One happy element in all this is the rise to prominence of female comics like Chelsea Handler or Amy Schumer or Margaret Cho who are purposefully up front and unrepentant about their own sexuality.
chai2
 
  1  
Reply Sun 17 Nov, 2019 11:20 am
@blatham,
If you're interested, there's this netflix series called "Unbelieveable" It's just one season.

Two of the main characters, the detectives, are both female. Played by Toni Collette and Merritt Wever.

They have very different personalities, and approaches.

In one of the early episodes, Wever was directing her team. (Omg, so funny, I was really going to type "communicating with her team". No, she was directing them)
During that scene, for one split second I thought, "wow, she's being a bit bitchy" Then I realized. "No she isn't. She's talking to them with authority. She doesn't have time for touchy feely." In other words, she was talking to them like a man. Holding them accountable to what they have, and haven't done.

Looking around on youtube, here's a good scene.



I absolutley love the part where one detective goes off on "Where is the outrage?" I mean, justifiably and all, but it certainly deserved this response...


"It is (fucked up). But you sittin' out here, screaming into the wind, does nothing to un-**** it."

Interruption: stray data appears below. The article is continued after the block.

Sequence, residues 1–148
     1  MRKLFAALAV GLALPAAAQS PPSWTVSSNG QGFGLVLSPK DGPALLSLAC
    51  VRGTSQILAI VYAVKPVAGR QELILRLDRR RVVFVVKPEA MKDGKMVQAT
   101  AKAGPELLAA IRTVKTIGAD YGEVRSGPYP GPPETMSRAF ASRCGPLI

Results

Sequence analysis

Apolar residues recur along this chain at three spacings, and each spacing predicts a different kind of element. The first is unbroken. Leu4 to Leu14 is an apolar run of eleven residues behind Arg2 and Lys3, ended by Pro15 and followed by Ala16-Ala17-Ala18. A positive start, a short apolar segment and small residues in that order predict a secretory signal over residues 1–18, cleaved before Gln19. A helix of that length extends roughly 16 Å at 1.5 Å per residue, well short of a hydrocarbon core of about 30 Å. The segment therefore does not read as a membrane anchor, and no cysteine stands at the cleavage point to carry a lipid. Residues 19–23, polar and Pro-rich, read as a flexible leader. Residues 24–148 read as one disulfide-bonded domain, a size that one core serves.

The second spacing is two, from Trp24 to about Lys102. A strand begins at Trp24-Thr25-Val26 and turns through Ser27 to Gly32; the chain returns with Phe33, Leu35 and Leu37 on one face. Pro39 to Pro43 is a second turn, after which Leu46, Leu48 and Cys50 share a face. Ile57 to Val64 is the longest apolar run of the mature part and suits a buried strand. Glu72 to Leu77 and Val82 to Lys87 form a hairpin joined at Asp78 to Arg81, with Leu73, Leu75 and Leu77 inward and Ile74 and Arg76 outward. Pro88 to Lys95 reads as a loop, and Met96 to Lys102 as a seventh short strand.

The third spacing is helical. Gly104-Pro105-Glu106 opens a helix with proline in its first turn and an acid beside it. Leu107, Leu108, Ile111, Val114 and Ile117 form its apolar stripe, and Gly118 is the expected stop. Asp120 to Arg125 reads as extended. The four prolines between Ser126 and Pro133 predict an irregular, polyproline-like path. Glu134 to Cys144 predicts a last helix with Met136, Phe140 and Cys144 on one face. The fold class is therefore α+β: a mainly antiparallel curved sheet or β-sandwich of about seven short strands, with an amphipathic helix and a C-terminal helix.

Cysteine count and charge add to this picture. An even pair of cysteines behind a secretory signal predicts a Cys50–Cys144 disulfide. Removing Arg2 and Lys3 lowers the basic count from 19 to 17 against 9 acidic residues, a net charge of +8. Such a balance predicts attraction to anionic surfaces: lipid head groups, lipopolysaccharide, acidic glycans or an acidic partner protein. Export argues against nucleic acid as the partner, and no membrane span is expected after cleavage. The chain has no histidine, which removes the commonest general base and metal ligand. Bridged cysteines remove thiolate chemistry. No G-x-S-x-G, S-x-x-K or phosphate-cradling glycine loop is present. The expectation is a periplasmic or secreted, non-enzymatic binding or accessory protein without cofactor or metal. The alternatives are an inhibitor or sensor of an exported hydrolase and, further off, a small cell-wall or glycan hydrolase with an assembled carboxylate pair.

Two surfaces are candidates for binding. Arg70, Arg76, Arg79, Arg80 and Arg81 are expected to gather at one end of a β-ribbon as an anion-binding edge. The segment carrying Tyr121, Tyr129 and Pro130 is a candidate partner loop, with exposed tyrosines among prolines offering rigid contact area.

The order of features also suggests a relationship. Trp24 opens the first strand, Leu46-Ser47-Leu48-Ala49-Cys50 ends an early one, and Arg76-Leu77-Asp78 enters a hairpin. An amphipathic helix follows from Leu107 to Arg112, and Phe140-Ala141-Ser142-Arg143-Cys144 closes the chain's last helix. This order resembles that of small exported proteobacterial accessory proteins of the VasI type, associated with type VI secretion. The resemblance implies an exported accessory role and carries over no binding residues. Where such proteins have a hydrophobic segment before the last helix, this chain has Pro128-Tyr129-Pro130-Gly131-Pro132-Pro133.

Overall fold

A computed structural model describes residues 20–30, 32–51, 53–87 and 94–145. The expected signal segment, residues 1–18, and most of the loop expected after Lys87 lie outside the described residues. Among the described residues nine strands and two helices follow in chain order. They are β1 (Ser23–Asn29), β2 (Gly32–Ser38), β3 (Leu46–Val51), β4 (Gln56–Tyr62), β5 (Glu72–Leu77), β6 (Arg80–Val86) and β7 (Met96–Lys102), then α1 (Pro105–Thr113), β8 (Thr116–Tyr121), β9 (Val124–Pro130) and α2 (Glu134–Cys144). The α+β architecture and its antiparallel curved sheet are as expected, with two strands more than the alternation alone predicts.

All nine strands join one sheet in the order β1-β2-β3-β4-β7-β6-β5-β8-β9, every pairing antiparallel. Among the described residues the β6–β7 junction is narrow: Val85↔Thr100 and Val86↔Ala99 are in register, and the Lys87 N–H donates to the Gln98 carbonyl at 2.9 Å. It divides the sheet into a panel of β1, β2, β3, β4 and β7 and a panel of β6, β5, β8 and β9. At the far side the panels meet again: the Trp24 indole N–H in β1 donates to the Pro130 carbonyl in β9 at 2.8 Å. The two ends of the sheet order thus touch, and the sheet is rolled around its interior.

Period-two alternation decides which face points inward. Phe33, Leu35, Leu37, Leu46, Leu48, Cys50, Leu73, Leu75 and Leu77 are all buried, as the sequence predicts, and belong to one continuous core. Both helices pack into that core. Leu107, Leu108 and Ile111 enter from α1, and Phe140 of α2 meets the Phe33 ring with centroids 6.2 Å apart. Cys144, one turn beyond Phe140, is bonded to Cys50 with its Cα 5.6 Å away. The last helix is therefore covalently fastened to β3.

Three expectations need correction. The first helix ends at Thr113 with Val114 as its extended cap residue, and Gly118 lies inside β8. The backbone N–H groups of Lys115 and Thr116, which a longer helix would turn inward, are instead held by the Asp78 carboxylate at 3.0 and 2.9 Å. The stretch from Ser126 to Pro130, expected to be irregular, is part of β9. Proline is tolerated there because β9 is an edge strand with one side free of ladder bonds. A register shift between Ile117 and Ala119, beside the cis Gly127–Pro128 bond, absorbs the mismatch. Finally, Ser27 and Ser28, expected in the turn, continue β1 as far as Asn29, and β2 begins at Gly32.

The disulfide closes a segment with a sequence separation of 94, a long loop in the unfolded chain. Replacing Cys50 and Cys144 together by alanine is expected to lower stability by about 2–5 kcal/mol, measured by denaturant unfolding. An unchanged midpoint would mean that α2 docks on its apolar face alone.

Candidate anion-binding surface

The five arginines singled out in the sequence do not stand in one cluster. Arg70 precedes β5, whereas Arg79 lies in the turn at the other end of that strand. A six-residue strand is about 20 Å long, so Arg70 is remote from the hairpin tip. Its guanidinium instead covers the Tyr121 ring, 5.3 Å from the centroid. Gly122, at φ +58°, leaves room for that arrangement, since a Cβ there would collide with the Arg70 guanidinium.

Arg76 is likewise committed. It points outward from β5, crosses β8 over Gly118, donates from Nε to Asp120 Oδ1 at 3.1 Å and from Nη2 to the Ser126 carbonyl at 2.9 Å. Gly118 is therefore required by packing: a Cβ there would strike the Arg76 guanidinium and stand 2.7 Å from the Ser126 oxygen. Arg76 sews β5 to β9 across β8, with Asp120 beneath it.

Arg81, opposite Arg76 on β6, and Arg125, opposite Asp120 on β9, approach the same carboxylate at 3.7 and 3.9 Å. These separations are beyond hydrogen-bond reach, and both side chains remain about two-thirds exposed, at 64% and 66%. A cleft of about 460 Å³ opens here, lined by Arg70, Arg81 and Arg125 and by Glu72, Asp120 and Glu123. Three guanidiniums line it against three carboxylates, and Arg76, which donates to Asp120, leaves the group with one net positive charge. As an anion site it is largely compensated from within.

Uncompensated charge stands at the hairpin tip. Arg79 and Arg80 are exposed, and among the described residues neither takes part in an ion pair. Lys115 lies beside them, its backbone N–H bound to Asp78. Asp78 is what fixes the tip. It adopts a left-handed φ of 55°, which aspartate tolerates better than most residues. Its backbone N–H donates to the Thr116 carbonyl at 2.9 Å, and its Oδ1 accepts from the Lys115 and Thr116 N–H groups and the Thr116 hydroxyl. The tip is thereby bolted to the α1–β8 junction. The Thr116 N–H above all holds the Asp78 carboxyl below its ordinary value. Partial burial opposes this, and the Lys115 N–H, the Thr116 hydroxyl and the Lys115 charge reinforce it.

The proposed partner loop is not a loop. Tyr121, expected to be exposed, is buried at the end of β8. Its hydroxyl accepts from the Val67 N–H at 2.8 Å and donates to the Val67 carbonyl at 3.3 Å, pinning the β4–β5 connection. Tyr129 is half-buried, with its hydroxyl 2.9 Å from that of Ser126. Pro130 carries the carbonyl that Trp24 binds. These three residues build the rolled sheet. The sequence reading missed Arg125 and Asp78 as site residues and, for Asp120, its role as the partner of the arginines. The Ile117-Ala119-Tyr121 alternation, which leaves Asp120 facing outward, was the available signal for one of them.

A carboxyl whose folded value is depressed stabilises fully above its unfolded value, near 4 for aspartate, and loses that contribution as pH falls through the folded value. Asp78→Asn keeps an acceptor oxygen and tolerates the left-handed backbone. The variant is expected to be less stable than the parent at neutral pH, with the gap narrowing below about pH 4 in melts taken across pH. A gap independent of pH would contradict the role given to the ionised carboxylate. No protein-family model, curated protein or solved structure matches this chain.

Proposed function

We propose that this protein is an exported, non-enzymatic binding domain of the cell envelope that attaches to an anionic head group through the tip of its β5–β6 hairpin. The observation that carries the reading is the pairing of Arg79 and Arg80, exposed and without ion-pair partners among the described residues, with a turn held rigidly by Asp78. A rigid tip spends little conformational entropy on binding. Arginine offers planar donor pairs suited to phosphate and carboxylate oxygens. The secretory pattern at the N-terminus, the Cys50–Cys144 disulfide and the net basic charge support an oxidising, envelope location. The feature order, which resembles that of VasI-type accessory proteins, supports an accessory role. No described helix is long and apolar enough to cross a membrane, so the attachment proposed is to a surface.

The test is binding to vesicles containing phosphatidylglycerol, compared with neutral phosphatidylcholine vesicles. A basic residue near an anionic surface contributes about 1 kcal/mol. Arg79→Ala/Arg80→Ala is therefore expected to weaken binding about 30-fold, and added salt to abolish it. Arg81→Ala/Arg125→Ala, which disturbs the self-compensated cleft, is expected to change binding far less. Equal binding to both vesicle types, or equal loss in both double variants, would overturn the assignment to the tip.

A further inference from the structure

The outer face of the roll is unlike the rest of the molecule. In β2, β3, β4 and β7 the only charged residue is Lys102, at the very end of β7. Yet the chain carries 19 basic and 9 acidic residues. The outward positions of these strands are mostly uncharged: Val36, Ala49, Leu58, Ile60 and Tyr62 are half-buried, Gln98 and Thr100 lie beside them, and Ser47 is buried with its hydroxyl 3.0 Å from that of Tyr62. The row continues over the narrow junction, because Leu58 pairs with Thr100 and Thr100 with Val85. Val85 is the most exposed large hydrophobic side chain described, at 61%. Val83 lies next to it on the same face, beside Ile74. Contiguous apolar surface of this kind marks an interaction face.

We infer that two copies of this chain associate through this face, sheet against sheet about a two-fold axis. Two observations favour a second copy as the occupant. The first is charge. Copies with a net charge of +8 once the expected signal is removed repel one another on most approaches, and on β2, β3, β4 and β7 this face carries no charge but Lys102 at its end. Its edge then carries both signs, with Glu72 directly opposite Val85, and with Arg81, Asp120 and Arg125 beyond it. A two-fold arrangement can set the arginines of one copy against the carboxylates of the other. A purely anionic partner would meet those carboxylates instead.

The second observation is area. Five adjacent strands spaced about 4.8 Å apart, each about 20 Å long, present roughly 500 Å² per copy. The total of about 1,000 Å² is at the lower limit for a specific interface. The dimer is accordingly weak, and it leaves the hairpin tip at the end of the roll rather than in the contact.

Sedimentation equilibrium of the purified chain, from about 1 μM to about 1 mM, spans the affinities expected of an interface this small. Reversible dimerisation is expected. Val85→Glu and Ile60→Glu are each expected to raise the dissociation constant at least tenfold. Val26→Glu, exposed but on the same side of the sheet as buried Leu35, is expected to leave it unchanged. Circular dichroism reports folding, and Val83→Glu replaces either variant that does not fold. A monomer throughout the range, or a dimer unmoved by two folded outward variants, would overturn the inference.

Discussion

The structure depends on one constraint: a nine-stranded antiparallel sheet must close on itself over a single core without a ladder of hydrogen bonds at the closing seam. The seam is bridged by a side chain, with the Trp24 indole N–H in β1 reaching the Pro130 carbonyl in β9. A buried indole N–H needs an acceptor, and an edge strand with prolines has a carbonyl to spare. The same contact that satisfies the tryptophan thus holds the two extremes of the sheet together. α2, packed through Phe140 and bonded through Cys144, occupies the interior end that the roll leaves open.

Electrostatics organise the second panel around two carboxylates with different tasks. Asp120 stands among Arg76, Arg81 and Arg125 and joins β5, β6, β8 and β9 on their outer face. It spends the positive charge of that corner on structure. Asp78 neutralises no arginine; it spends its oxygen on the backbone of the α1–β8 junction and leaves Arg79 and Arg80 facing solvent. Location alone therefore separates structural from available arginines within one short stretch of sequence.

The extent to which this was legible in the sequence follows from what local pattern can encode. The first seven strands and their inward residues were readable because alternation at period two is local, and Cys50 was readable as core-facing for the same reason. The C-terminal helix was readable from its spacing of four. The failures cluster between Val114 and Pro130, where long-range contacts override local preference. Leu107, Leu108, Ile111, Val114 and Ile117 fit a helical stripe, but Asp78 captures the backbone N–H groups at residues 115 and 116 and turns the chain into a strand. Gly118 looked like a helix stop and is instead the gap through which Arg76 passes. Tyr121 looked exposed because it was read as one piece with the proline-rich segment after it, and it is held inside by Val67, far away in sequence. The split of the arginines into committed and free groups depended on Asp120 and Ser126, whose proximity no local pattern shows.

Here's another great scene. One of Charlies Angels, male or female, has nothing on this woman.

Interesting thing I noticied, that I didn't catch before.
She leaves a 20 dollar bill for a meal that couldn't have cost $10 or $12 bucks. It's like a homage to the waitress for the crap she has to put up with every day.

Remember to tip your waitress.




This actually reminds me of something from my young and fabulous days.

I went into a diner during way non peak hours. Wanted to sit and have the blue plate special, a cuppa coffee, and read this book I was really into. The place was basically dead.

Waiting for my meal, I got so absorbed in the book, everything around me disappeared. But then it filtered through that some older guy (I was like 28, probably looked like I was 22. He had to be in his mid 60's), had apparantly been calling across the diner for me for quite some time "Hey Irish! HEY!......IRISH!"

I'm not Irish, probably why it first didn't get through to me. I had colored my hair auburn at the time, and have fair skin.